2018 marked the end of Gnome using .xml and switching to header bar listed in gtk.css of our themes. It took me about 2 months to create the “Mac/Stoplight” look shown in my themes such as Cyan-3D. The theme can also very easily be changed color wise by simply changing the colors on those top lines, which thus far have seen no one taking advantage of. I suppose most like the nostalgia of the 90’s vs being more up to date with nice graphics. My complaint, is not that though. Same year all other desktop developers changed the option that automatically changes the .xml file to listed in a theme that is chosen or switched to by a user, to some trashy looking generic “adwaita” now an estimated 12 years in age. Formerly, a user could install a theme and the .xml would change with it. Now, one must change that setting every time in dconf-editor and also make sure they compile gschemas if they want the minimize and maximize option buttons. To me seems to be done in spite, and does nothing but upset users their chosen theme will not display as they chose unless they beat their heads in to change it. I would think in 2 years time these other desktop developers would end this spite and either switch to gtk.css or use the original settings. I dare them all to change their ways and end this travesty!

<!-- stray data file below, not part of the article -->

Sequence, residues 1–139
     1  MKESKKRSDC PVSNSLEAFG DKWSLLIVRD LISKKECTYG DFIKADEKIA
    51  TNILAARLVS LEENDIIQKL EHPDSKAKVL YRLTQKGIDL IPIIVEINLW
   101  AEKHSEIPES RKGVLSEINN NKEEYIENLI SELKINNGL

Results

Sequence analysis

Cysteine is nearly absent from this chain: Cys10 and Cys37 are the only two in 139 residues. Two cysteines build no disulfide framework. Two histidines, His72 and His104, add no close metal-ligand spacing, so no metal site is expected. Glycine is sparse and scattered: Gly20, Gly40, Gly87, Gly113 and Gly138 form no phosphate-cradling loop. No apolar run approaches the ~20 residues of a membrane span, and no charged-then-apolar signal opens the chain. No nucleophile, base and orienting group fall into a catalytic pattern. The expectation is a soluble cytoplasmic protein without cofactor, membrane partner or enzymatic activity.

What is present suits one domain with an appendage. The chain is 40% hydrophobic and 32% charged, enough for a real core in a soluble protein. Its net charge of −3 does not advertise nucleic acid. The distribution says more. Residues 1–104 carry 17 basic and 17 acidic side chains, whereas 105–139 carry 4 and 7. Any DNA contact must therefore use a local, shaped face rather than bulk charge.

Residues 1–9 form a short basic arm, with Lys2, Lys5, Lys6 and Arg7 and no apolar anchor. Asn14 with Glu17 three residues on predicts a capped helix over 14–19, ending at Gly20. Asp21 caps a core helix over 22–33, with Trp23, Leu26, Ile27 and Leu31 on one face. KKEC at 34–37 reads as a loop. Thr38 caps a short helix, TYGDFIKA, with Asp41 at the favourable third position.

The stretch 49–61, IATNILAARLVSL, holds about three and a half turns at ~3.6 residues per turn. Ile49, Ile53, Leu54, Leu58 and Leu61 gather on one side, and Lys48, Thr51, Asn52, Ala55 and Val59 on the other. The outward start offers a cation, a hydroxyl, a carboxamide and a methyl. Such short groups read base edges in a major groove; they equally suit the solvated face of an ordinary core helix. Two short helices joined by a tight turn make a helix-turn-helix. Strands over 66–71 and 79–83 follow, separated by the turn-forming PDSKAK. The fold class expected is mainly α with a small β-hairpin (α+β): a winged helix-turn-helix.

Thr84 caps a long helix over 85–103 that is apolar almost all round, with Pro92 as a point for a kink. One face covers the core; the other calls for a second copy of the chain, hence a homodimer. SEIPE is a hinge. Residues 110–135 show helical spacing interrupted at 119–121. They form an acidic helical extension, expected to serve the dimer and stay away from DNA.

An argument could be made about where that spite is coming from. For some, resistance to the great many Unbroken things fixed by Gnome results in user frustration that started with developer frustration.
Part of why I upload my attempts at theming is in hope of encouraging others to join the ranks of diminishing themers and rebuild the numbers that Linux once had, but lost, due to a certain entities “spite” and desire to impress on people that “only Noobs like themes” and that “2 milimeters is Precious Screen Real Estate.”
It’s all about protecting a brand image and not about appearance of a desktop or about “screen space.”
User preference and full control should always take priority over Branding. Branding removes both developer and user control.